In addition to the installation cost, consider the cost of using your new EV charging station. For most drivers, the cost of electricity is far less than the cost of gasoline. The cost also varies depending on how much you drive. Still, the Department of Energy estimates that most homeowners will spend about $60 monthly keeping their EVs charged.[3] Public charging systems that charge based on kWh average anywhere between $0.30 and $0.60 per kWh compared to $0.16 per kWh at home, making charging at home over 50% cheaper.

Charging your EV in public can take anywhere from thirty minutes to several hours depending on the charger type and availability. At home, you can simply plug in your car before bed and wake up to a full charge. No more sitting in parking lots or lines waiting for your car to charge. The convenience of home charging alone makes installing a level 2 charger worthwhile for most EV owners.

Home EV Charger Rebates & Tax Credits

Homeowner Plugging Their Level 2 EV Charger Into Their Electric Car

While the cost to install a home EV charger can be high, there are ways to save. Rebates from manufacturers and tax credits from the government can help. The federal government is offering a 30% tax credit, up to $1,000, for installing an EV charger at home. This credit extends through the end of 2032.[4]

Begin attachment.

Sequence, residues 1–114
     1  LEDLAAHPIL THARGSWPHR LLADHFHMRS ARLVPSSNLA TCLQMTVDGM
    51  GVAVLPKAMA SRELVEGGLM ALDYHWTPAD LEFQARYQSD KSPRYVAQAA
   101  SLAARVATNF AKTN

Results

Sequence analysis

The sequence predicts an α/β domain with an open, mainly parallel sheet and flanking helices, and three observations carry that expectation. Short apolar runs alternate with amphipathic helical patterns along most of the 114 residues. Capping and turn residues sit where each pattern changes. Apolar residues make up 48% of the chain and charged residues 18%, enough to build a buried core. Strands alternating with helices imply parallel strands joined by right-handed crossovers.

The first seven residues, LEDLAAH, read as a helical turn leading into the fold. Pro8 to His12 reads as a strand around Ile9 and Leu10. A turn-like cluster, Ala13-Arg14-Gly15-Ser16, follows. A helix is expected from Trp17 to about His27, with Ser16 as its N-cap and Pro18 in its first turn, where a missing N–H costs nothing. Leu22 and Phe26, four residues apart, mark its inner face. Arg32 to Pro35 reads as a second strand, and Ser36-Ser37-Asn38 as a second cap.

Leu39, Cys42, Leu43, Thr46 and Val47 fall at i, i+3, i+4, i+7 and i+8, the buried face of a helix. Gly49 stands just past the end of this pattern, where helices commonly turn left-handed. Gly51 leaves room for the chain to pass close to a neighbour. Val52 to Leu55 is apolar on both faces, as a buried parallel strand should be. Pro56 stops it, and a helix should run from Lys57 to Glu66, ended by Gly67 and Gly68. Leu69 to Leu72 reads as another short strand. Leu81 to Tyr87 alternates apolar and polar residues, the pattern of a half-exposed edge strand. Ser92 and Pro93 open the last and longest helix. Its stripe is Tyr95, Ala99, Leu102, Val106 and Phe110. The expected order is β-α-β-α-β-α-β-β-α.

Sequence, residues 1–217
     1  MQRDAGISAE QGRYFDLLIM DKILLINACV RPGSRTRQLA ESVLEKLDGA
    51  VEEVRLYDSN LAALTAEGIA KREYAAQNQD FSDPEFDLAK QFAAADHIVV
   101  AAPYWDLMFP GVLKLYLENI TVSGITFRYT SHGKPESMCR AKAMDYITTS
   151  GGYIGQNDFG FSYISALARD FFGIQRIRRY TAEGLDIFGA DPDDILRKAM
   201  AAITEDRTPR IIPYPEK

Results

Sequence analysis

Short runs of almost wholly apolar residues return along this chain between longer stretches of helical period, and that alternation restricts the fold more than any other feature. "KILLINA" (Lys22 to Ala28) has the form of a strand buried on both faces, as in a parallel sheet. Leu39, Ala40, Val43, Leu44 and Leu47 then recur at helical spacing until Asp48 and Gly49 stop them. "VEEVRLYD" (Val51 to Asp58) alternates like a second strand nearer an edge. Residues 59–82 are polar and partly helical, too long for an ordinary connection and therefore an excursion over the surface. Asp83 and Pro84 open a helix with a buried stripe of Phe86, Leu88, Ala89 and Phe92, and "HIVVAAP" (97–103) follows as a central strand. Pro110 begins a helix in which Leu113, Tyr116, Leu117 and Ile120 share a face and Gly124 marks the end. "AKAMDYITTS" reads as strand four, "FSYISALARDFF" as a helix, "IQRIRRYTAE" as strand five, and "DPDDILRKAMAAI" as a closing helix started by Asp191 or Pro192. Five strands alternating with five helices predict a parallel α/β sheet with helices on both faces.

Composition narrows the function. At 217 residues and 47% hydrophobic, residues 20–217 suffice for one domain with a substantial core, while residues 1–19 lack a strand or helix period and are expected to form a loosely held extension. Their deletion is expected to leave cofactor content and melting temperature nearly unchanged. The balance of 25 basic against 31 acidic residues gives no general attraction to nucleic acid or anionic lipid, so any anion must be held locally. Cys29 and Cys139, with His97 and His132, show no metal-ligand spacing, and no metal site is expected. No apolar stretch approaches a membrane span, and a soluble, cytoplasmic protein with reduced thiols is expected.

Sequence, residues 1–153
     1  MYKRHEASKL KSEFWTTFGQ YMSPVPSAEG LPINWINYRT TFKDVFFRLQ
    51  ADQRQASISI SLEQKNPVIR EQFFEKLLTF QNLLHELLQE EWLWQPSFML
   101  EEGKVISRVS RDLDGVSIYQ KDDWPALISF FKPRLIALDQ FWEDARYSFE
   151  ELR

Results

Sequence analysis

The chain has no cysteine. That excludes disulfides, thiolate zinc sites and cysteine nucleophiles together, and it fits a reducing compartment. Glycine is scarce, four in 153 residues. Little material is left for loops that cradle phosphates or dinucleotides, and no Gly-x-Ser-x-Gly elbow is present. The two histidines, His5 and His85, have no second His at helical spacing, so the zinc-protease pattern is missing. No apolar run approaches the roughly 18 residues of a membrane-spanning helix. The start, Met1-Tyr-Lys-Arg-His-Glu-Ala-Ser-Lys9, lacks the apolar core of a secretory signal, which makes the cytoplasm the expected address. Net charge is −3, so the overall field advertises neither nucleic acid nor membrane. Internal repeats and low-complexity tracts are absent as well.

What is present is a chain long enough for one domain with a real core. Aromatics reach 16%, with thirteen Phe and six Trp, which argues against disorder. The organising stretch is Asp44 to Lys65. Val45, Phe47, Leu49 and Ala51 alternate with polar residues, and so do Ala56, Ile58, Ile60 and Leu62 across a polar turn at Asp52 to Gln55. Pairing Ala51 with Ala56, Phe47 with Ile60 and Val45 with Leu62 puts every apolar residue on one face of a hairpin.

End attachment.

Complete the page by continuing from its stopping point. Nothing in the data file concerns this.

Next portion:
In addition, many states offer similar perks to people who choose this eco-friendly option. These rebates and tax credits help you save as much as possible on your new EV charging station and encourage eco-friendly home upgrades.

EV Charger FAQs

Can I install an EV charger at home?

Yes, Type 1 and Type 2 EV chargers are possible in homes. Type 3 EV chargers cannot be installed in homes but can be found at community charging stations.

How much power is needed for EV charging at home?

It takes about 7,200 watts of electricity to charge a home vehicle charger. Although, this may vary depending on the charger you choose to install.

Can I plug an EV into a regular outlet?

Yes, with a Type 1 charger, you can plug an EV into a regular outlet. However, this type of EV charger takes longer to charge your vehicle, with about five miles of distance per hour spent charging.

How many amps do I need for a home EV charger?

Most home EV chargers require 32 to 40 amps to operate safely. You will want a small buffer, so have at least 50 amps for a 40 amp charger.

What type of breaker is needed for an EV charger?

The type of breaker you need for an EV home charger depends on the type of charger you choose. If the charger is a 32 amp charger, you need at least a 40 amp breaker; if it is a 40 amp charger, you need a 50 amp breaker.

What is the difference between Type 1, Type 2, and Type 3 EV chargers?

Type 1 and Type 2 chargers are AC chargers, with Type 1 plugging into regular home outlets and Type 2 plugging into 240-volt outlets. Type 3 chargers, which are not available for homes, deliver DC charge directly.